Helgi Tomasson, San Francisco Ballet’s artistic director and principal choreographer, is celebrating his 35th year with the company, while the group is also celebrating the 75th year of staging Tchaikovsky’s Nutcracker. The Reykjavik native and George Balanchine protégé discusses his role.
What brought you to the San Francisco Ballet?
It was unexpected. At the time (1985), I was a principal dancer at the New York City Ballet. Lew Christensen (who founded the San Francisco Ballet in 1933) asked me to take a look. I had not planned to be a director; but I thought it was a wonderful fit.
How do you keep ballet fresh for both new fans and fans who have been coming to the ballet for years?
Dance and form changes so I have to be on top of that and move along with the times, not creating museum pieces. I danced when George Balanchine and Jerome Robbins were choreographing everything. Robert Joffrey was the first to approach the modern dance community (Alvin Ailey and others) and I grew up with that. In San Francisco, I sought to bring in choreographers from outside and train dancers a bit differently for what was important for me in their dancing. You must know classical technique but challenge the form and make some inroads to have a more contemporary way of looking at ballet.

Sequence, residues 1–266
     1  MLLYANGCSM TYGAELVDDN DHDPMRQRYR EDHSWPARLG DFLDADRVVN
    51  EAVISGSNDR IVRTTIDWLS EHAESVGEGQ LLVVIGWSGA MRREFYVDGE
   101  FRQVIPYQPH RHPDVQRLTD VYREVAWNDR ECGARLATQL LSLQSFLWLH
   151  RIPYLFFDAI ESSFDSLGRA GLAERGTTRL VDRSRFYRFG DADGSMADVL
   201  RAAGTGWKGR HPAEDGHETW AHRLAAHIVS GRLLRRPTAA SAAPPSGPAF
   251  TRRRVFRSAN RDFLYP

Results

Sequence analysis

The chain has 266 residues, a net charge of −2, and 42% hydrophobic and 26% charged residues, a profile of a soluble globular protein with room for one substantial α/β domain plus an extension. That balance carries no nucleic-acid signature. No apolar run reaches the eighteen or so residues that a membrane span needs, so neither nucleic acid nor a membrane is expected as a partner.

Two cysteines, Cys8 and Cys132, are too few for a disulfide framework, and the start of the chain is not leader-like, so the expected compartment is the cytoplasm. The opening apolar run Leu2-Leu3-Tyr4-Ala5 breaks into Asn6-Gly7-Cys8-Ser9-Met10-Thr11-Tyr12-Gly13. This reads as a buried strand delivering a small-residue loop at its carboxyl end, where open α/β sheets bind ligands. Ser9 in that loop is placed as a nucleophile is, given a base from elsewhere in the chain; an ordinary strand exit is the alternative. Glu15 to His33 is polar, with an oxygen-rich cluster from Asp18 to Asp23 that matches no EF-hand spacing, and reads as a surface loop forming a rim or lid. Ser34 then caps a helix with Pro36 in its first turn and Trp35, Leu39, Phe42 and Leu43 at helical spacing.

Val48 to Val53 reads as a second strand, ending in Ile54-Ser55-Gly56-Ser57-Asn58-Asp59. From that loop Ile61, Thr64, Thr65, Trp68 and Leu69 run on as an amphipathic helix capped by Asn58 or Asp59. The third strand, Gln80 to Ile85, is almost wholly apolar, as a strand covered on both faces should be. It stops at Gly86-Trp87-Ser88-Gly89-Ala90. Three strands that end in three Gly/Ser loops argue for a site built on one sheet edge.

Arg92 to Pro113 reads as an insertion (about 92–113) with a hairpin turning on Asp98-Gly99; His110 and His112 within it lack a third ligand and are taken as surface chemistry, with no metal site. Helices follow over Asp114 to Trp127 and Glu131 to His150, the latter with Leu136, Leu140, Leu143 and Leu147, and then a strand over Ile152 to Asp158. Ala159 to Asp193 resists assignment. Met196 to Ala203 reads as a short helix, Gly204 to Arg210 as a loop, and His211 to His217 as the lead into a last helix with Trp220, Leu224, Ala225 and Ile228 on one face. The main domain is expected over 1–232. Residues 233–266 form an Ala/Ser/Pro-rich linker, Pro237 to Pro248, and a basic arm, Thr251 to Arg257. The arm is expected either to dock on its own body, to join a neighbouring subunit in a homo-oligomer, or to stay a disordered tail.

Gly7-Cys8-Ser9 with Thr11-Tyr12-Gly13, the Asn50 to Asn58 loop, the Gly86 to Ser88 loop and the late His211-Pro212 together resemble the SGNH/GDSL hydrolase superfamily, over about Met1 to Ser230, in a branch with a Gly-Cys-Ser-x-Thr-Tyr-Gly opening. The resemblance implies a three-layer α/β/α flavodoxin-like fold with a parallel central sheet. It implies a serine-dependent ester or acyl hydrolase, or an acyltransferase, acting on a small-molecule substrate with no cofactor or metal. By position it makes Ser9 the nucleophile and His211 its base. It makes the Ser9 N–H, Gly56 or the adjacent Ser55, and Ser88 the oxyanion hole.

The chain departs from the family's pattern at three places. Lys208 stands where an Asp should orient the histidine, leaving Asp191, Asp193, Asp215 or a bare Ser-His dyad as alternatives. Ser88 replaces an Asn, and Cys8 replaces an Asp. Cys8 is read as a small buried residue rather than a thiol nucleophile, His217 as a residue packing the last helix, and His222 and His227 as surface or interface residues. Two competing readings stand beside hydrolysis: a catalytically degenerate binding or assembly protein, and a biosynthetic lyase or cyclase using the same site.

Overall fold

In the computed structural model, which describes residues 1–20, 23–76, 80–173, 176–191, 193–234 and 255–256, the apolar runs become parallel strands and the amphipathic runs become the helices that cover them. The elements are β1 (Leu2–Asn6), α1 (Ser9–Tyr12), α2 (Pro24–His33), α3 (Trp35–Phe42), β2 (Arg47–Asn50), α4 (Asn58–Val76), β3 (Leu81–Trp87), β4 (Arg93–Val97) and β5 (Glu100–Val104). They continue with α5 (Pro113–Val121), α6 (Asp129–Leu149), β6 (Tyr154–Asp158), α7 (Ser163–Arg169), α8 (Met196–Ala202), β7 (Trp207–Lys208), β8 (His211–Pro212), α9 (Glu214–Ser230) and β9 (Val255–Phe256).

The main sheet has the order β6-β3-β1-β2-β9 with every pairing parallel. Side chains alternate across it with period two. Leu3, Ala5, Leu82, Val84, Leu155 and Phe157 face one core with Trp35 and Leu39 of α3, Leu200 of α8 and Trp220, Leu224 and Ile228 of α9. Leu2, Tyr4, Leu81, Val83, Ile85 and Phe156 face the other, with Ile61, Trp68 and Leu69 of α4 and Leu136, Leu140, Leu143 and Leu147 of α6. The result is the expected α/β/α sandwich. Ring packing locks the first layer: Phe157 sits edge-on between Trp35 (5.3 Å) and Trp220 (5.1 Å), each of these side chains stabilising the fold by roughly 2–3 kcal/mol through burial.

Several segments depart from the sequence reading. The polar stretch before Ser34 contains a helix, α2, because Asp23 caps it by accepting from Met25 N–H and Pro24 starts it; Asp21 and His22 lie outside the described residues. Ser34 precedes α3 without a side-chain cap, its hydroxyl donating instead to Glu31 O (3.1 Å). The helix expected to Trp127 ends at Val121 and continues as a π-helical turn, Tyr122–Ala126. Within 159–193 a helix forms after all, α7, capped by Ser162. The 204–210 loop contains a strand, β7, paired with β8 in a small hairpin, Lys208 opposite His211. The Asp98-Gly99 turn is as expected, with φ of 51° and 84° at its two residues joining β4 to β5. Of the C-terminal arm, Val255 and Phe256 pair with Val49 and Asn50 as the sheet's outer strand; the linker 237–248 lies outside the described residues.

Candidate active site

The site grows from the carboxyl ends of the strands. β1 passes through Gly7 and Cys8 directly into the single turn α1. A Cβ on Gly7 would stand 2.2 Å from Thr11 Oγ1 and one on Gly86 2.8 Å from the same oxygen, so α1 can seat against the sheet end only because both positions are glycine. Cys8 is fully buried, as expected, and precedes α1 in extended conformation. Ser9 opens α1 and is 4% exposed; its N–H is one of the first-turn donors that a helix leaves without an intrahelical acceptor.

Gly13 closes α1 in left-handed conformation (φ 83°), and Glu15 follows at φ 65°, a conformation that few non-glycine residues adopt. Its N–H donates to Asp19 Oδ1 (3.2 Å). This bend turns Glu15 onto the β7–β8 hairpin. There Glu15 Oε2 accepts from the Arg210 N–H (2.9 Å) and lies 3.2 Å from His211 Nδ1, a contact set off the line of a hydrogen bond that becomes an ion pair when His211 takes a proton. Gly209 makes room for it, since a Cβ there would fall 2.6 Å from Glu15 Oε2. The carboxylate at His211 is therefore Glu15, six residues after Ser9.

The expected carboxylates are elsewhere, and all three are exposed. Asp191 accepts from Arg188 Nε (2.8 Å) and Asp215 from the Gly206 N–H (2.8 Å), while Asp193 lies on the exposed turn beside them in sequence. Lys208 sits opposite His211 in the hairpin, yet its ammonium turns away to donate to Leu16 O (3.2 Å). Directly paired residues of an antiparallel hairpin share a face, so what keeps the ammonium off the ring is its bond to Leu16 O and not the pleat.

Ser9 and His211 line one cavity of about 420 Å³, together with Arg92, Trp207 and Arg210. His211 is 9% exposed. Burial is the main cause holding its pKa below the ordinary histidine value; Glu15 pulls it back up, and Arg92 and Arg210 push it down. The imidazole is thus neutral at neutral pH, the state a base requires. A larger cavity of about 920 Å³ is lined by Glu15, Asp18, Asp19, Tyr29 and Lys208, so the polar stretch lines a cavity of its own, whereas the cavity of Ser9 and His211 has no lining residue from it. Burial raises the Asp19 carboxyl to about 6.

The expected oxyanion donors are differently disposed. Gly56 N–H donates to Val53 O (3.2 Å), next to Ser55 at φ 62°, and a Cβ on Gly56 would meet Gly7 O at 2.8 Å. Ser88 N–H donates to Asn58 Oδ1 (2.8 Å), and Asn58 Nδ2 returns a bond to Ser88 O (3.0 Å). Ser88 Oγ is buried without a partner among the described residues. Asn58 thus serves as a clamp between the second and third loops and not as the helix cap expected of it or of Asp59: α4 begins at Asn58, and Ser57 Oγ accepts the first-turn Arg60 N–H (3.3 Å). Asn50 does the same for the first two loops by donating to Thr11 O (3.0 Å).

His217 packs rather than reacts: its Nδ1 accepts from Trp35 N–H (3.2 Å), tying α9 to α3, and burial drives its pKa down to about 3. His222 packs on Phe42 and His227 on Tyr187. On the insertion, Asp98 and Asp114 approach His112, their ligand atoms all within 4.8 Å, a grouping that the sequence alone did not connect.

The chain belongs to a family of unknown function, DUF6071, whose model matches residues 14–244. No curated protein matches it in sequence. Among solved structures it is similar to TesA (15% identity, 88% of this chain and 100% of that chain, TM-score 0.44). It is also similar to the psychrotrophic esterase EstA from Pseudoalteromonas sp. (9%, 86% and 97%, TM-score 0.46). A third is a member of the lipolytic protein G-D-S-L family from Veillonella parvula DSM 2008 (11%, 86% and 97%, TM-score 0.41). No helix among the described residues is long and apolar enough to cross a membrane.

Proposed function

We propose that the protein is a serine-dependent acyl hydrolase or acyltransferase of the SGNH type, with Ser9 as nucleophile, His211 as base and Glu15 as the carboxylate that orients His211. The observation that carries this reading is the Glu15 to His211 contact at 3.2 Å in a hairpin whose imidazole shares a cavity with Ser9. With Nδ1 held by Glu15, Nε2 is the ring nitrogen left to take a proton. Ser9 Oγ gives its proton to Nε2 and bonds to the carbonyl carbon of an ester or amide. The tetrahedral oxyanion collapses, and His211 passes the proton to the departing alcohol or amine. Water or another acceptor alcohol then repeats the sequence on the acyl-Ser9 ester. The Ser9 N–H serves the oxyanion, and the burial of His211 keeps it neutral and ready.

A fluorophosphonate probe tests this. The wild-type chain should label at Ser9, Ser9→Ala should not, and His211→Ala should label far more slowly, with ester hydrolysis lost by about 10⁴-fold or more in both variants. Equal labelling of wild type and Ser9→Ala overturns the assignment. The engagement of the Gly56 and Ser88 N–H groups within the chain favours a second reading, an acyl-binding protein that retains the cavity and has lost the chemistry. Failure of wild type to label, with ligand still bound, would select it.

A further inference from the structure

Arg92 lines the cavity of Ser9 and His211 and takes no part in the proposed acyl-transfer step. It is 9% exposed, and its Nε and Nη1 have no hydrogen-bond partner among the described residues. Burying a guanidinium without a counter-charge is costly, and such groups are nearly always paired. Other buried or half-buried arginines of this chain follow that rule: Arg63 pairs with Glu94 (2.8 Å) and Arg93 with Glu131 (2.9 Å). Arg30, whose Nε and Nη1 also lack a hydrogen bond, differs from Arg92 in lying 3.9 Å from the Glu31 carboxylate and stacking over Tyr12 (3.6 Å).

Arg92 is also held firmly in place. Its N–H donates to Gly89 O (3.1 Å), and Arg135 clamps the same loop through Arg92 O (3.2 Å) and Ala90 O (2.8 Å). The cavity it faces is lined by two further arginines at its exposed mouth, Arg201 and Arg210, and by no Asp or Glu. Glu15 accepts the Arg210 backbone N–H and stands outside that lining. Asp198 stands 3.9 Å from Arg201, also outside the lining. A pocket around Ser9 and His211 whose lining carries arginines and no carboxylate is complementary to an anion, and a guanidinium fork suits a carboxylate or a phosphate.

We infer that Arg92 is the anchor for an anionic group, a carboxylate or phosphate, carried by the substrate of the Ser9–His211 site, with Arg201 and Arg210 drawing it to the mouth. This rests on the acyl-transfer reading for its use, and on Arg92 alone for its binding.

How has Nutcracker changed during your tenure?
Choreographers all use the same vocabulary, the same keyboard. I interpret the keyboard or the vocabulary a bit differently with my own style or feeling. When I arrived, Lew was already in the process of changing his previous production. When he passed away, I had to figure out how to work within that structure. I then worked together with the production team on a concept with a different look for the 1986 premiere, which was staged yearly until we changed it again in 2004. The production changes but the story stays the same.
What is a highlight from your years with the company?
A very important milestone was when I staged Swan Lake in 1988. People took notice of the company around the country.That production made a big difference in how we were perceived and written about. We took it to the East Coast, Europe and China. We staged it again in 2009 with the same choreography but in a different production.
What should fans of Nutcracker look for this year?
We’ve invited former “Claras” and student performers from the past 75 years to fill the hall on opening night; there will be free commemorative program books; and we are setting up snowfalls and twinkling lights outside of the Opera House.
What should fans look forward to as we move into 2020?
We brought Romeo and Juliet to Copenhagen earlier this year. Then a beautiful production of Balanchine’s A Midsummer Night’s Dream and new works from choreographers who were introduced at the Unbound Festival a few years ago, then Jewels from Balanchine before wrapping up the season with Romeo and Juliet.
Christina, now reformed, once believed that mixing alcohol and coffee was a crime. A long-time BayArea food writer, she hails from the Other Coast and has spent way too much time in South America and Europe. She discovered her talent as a wordsmith in college and her love of all things epicurean in grad school. When she is not drinking wine by a fire, she is known to craft excellent edibles and spend time with her extended family.